Excerpt from Curb 5.3. “Are We There Yet?!”:
The upcoming transportation referendum in Metro Vancouver asks an ostensibly simple question: does expanding transit services merit the cost? Governments continue to successfully evade this question partly due to a serious gap within Canadian transportation planning research – namely, the study of comprehensive transportation costs.
It is self-evident that transportation has a number of different impacts on society, the environment, the economy, and on individuals. The study of comprehensive transportation costs is intended to capture these impacts in ways that extend beyond the typical spectrum of metrics currently used to assess transportation “costs and benefits.” These might include for example monetizing congestion costs, pollution impacts, climate change effects, health impacts, infrastructure costs, personal operating costs, etc.
The study of comprehensive costs calculates all of the costs of various modes of transportation in order to produce workable methods and metrics for practitioners to use in everyday practice. This body of research can be then applied towards policy-making and the evaluation of transportation investments; in other words, producing the inputs behind research-based policy. Several European countries are actively using these metrics today, including Germany, Denmark, Sweden and the UK. In these countries, the study of comprehensive transportation costs has been an ongoing endeavor for several decades, and constitutes and integral part of both private and government transportation practices.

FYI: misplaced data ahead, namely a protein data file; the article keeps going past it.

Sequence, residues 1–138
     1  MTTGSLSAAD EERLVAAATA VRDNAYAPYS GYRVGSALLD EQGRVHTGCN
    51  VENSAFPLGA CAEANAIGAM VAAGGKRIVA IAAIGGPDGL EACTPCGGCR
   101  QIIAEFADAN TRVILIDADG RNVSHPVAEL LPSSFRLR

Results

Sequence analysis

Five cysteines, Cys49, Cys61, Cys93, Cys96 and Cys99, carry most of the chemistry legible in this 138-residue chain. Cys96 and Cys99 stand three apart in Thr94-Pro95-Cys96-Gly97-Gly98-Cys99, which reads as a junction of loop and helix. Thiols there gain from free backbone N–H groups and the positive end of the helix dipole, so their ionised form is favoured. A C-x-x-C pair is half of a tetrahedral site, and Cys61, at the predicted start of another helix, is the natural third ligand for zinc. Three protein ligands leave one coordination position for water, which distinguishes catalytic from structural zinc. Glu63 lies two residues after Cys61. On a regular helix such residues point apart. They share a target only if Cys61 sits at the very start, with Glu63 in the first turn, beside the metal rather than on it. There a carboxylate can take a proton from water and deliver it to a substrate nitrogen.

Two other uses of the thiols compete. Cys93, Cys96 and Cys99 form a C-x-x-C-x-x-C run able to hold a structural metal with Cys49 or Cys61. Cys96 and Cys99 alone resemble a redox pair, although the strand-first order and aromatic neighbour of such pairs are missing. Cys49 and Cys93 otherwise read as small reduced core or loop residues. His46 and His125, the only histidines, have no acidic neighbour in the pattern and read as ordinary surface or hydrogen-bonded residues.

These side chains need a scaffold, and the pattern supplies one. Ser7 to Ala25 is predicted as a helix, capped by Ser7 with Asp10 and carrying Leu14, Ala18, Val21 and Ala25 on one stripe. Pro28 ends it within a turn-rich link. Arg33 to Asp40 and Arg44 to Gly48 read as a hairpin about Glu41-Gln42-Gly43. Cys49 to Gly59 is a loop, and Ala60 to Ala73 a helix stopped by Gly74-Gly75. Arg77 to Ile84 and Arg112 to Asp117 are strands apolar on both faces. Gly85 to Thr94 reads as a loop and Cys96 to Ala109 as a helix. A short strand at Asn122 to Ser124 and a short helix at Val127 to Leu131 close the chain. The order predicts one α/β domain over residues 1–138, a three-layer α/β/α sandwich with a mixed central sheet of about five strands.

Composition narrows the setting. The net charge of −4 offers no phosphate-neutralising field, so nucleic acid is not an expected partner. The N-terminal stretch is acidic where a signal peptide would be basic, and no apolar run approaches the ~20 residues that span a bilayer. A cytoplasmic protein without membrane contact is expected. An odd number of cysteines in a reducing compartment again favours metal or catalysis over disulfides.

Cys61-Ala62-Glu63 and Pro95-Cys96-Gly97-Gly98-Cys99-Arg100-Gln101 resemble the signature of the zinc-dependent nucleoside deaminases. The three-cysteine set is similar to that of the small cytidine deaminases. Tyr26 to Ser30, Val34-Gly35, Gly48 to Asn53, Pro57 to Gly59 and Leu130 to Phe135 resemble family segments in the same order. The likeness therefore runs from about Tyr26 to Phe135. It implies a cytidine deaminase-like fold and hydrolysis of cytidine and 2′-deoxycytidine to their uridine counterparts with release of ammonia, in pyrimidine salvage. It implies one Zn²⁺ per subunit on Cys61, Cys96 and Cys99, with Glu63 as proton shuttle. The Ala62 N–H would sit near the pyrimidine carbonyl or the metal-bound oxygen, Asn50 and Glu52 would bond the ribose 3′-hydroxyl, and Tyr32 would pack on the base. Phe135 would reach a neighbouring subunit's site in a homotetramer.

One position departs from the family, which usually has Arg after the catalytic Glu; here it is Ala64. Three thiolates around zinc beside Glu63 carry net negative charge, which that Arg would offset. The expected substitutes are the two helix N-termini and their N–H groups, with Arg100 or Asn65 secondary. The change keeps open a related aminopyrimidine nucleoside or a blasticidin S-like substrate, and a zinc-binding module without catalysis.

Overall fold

Here in Canada, the absence of these metrics in our professional practice these findings suggest that transit operations (among other alternatives) deliver savings well into the billions each year…
George Poulos is a transportation engineer-in-training as well as a recent Masters graduate of the School of Community and Regional Planning (SCARP) at UBC.
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